Some places we've been and some places we're going.

Archive for March, 2019

Hall’s Gap

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This morning I was up with the sun and others in the campsite were also stirring, mostly cyclists preparing for their race today, a Time Trial. We were packed up and in Mansfield before 8:30 when the Farmers’ Market officially opened.

Our intention was to make it to Hall’s Gap today and we left it to the cyborg to get us there. By Tullarook we were ready for a break and something to eat since we’d forgone breakfast in favour of the early start. Alex was able to get something in a nice little General Store but it was GF muesli bars for me.

 

Unfortunately we hadn’t told the cyborg we don’t like motorways so that’s where she took us as the fastest way! We were staggered by the number of new housing estates replacing agricultural land on Melbourne’s fringes. Eventually we were directed off the Hume Freeway and via the M1 to the M8 to Ballarat where Alex was looking forward to a stop at a “Greasy Spoon” we’d stopped at before. He was startled to see it had changed ownership and morphed into a healthy fast food place.

Next stop was Hall’s Gap where we didn’t get a suitable caravan site until the third Caravan Park because they were all so busy. We’re booked in for a couple of nights but might stay longer.

 

You should know there would be some birds too.

Mansfield – Mt Buller

Our plan for today was to find Tomahawk Hut so we set off out the Mt Buller Road expecting to turn off onto the Carter Track but we missed it so we changed our plans and continued on to Mt Buller. We went there at least a couple of times in the late 1980s and we were curious to see how it had changed. As soon as we arrived we were confronted by new constructions of large apartment complexes. There was a display board outside one construction site in the centre of the resort and it seemed that many of the apartments were already sold off the plan. There were still plenty of the tiny “studio” apartments available though.

By the time we’d finished looking around Buller we decided against investigating any huts so went back down the road stopping for “lunch” ie crisps and cider, at a lovely spot not far from Sawmill Settlement.

After our break we went to visit the settlement which I expected to have relics of the old sawmill and some old workers cottages but I was wrong. We didn’t see any signs of early workings or homes in fact the whole place seemed like a collection of holiday homes for the wealthy. Many were for sale.

We drove out of “The Settlement” and across the road to the start of the Carter Track which was where we found the site of the original Sawmill. There was a devastating bushfire in the region in1939, all the residents were evacuated to Mansfield but the sawmill was saved by a wind change. It wasn’t so lucky though in 1965, that time the mill was destroyed by fire.

Our next stop was at Merrijig Memorial Park. I noticed the standing stones when we passed yesterday and was curious about them. Having checked it out I think it’s one of the most personal I’ve ever seen. The “Plantation of Honour” recognises the Merrijig residents who have served in major conflicts in Australia’s history since Federation.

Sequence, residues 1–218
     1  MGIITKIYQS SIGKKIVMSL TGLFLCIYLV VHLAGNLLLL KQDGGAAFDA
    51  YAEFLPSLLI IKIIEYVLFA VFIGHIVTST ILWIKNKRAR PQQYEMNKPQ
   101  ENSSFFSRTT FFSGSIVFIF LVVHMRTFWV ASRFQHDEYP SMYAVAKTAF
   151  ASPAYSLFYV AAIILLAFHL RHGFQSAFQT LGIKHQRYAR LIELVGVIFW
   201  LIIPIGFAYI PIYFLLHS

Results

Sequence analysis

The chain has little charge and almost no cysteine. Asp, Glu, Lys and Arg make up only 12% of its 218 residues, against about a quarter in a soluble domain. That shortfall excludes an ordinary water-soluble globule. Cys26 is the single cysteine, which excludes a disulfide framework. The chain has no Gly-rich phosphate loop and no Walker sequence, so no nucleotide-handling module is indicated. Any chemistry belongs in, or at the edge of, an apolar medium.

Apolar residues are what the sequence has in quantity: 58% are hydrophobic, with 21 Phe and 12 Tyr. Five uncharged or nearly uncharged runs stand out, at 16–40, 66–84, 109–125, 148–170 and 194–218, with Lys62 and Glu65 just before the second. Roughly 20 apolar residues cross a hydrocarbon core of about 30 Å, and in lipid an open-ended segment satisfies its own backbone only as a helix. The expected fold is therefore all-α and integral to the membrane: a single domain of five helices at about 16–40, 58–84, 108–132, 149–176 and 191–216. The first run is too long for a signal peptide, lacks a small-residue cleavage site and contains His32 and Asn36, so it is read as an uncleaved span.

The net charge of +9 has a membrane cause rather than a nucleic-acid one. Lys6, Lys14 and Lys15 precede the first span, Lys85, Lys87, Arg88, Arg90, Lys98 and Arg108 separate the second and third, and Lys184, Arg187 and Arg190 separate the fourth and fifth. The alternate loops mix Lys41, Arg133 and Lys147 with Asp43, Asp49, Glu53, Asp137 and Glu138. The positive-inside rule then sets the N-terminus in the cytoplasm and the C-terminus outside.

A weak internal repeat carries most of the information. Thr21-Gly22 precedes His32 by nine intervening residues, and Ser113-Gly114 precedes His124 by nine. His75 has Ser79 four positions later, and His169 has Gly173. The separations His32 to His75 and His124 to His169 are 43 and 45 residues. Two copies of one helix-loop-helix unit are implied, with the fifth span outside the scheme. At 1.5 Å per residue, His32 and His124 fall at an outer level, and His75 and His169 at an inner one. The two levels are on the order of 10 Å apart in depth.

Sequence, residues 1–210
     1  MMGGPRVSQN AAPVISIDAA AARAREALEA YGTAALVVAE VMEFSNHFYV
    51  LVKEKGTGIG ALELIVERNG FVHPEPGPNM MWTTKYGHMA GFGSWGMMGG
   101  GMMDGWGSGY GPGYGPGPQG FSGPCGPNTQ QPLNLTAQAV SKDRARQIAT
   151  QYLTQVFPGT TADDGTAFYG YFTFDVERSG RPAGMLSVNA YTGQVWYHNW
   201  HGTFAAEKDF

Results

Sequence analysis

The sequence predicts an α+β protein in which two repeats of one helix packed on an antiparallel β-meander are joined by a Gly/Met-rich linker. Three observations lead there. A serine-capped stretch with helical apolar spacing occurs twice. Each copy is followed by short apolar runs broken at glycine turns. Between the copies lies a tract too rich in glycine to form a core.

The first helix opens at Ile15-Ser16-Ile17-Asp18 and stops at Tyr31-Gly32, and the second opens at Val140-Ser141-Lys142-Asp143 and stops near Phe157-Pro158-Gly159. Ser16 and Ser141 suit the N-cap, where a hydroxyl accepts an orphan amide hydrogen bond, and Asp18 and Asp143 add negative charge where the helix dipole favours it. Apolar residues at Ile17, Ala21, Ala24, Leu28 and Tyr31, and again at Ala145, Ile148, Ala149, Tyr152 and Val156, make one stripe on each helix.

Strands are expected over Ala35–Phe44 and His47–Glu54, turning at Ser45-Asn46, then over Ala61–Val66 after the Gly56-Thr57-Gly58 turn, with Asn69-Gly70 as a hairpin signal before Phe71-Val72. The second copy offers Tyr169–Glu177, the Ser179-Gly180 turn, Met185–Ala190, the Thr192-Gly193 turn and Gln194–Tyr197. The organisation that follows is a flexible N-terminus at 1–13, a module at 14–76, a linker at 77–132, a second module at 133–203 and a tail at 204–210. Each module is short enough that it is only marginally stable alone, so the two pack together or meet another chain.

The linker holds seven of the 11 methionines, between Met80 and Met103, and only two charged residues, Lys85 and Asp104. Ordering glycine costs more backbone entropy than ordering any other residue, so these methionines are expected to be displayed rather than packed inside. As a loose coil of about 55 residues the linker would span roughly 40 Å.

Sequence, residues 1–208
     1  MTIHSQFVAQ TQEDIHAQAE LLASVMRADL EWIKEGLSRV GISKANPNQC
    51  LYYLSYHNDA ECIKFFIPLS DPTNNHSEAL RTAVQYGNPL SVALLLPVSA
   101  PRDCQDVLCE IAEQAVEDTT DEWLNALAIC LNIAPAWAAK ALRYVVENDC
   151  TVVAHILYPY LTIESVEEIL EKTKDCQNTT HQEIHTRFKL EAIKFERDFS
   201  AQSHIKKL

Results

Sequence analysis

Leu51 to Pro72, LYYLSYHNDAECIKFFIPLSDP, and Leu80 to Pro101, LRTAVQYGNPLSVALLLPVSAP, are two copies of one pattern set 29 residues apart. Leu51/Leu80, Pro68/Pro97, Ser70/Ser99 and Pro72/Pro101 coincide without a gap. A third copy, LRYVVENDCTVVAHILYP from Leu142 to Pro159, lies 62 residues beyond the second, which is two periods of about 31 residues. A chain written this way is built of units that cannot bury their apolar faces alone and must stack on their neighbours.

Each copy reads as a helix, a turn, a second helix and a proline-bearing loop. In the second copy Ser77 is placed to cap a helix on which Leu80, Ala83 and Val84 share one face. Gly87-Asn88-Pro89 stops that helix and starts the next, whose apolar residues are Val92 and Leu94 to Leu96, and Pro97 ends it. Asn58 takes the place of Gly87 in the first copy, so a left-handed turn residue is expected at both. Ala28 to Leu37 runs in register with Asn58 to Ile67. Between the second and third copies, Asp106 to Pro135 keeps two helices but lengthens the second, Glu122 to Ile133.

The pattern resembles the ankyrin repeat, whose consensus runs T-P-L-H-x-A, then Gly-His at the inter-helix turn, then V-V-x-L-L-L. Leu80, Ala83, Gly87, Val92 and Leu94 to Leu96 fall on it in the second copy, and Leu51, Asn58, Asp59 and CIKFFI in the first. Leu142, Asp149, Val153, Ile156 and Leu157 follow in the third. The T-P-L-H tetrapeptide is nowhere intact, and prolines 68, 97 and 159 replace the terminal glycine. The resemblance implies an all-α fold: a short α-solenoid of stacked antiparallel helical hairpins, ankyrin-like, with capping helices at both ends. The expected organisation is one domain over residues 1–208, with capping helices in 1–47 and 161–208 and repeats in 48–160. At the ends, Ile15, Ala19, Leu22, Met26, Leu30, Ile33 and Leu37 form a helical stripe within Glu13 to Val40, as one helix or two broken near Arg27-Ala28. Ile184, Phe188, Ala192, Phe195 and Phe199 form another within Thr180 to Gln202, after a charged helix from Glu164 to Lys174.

Other interesting things we’ve seen today.

Sculptures

Tomorrow we’re leaving here and expect to be reach Halls Gap, in The Grampians. I think this Caravan Park will be very busy over the weekend. A cycle race starts at Merrijig ending at Mt Buller. We’ve already seen an increase in the seriousness of cyclists riding the tracks around here and saw some labouring up the Mt Buller Road and one woman ‘Warming down” on rollers behind a caravan.

Mansfield -Hunting Huts

The lady in the Information Centre seemed very knowledgeable about the tracks in the Mansfield State Forest and Alpine National Park so we took her advice when we went looking for alpine huts. The first track we took was the Howqua Track that starts a few kms out of Merrijig.

Merrijig Primary School, it looks like it was built in 1379 but I’m confident it was 1839.

The track is suitable for 2WD vehicles and when we reached Sheepyard Flat there were a few offroad caravans set up there. There was also a large group of students in the area, they must be on a bushwalking campout.

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Not far from Sheepyards Flat was Frys Hut and it was a real memorial to the early settlers and a fine demonstration of Fred Fry’s workmanship. It saddens me that visitors don’t respect places like this and think it’s OK to deface them with their names written or burnt into the timbers the pioneers worked by hand.

We returned to Sheepyard Flats then turned onto Brocks Road which sounds superior but it wasn’t, there were rough patches, raised humps probably put in place to direct water and also some Higgelty Piggelty sections.

We stopped at Tunnel Bend and made the short but steep walk down. The river comes around one bend before disappearing around another further downstream. Back on the track we met a couple of men working on the road…. well one was driving an excavator the other was sitting in his ute “directing traffic”.

We took the Bluff Link Road (only open for the summer months) to Bluff Hut. Three tents were set up in what would have been a horse or cattle corral at some stage but only one person was about. He’d decided a walk to The Bluff was far too energetic so he was relaxing in a lay-back chair on the hut’s verandah.

Coming back down we stopped a few times to photograph interesting things we’d see on the way up.

 

As we made our way back along the tracks we could feel the temperature rising, it had reached a nice 24 deg. during our meanderings but by the time we were back at camp it had risen to 33 deg. The AC immediately went on in the camper and even after 7:30 it’s still working full time.